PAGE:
the whole story
The told story is not the whole story.
We tend to grasp onto moments as the whole. In a culture obsessed with tiny tweets and shiny surfaces, it’s easier to outrage or comfort ourselves with sound bytes that echo the thoughts between our ears, daily dulling our curiosity. We take the smallest sliver for the encompassing everything.
But look closer. Deeper. Longer.
What you see or hear or read is never the whole story.
We hear this exhortation to empathy often now, in our dealings with loved ones and strangers alike. To remember that so much hides below the surface, that you never know the depths of another’s struggles.
But every story holds this same mystery.
Take one small line from Scripture.
Did you ever notice that Mary and Elizabeth spent a whole trimester together? The Visitation was not a mere afternoon or a split second of joy. It lasted three long months.
Mary remained with her about three months and then returned to her home.
A single line that opens up a world of possibility. What was the whole story beneath the told story?
Mary and Elizabeth must have talked about everything, these kindred spirits in a cruel world that whispered rumors and disbelief about them.
They must have marveled together—this elder sage and eager young woman, one at the end of her unexpected pregnancy, one at the beginning—in awe of the impossible that God was working before their eyes, under their skin.
They must have helped each other, preparing for babies they could never have imagined, soothing each other through whatever anxieties or aches they carried along with the children.
They must have prayed together, imagining the labors ahead, asking God to protect them in this most dangerous work asked of women, trusting that the Living God who brought them to this surprising place would guide them through to new life.
Scripture shares the slimmest story of what must have been a rich and life-changing sojourn, over months and months.
The joy of their initial encounter—Elizabeth crying out, John jumping with joy, Mary proclaiming a powerful, prophetic prayer to the God of justice—was only the instant of first meeting. The start of a long conversation.
What came next was not passed on or written down, but it remains part of the story. As much as the silence between the notes makes the music.
Over the next few days before Christmas, we will hear familiar stories. Joseph’s dreams. Mary’s pregnancy. The angels’ song. The shepherds’ visit.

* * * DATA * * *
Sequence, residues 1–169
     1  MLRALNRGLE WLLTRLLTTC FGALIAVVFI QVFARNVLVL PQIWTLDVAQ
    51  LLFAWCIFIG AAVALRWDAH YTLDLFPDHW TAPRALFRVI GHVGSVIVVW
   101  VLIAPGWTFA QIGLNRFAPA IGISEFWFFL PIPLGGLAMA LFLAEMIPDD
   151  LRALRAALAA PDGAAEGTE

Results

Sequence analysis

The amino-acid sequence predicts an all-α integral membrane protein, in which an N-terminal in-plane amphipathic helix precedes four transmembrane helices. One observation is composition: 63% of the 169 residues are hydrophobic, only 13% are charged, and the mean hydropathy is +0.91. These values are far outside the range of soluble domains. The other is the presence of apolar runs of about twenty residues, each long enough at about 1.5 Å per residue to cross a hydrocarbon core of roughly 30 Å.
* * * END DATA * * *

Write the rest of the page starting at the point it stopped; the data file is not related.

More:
If we assume we know these stories, if our eyes glaze over and our ears tune out, if we picture them as flat scenes with stock characters, if we mistake them for cute illustrations in children’s Bibles, or if we expect them to provide an eyewitness account of historical facts, we have missed the point entirely.
The whole story is meant to challenge us, change us, convert us. It is meant to upend everything we know—including our easy interpretations and our comfortable lives.
Our task is to push below the surface and stop listening in default mode.
Do yourself a favor this Christmas, and let yourself fall into the whole story. As you hear the Same Stories again and again, the ones you know by heart, listen with untamed ears. Dig into the footnotes, explore the edges of the scene, let your eyes land upon a line you’ve never heard before.
Imagine what it might mean about God, to deepen a story you think you knw, to wonder what the untold rest might hold. Imagine what it might mean for the people and stories you encounter each day, if you stopped seeing them as the whole, if you humbled yourself to know only a part.
Whatever we are given as the told story is only an opening: the invitation into the holy whole. Which is mysterious. Which is hidden. Which is also imaginable—and herein lies the invitation.
I can never know the whole story. But I can imagine the wideness of God at work. That is the opening of prayer.
Remember that grade-school textbook illustration of an iceberg? Only the tip visible above the water; the hulking monstrosity ballooning below. Enough to sink the most powerful ship.
Whenever we take the surface for the total, we run a dangerous risk—of complacency, ignorance, judgment, and misinterpretation.
Of Scripture. Of strangers’ situations. Of others’ lives. Of anyone’s actions.
Whatever you hear, read, see, or believe, consider it a beginning. Not the entirety or the end. An important distinction, rooted in humility.
The told story is never the whole story. But what potent possibility.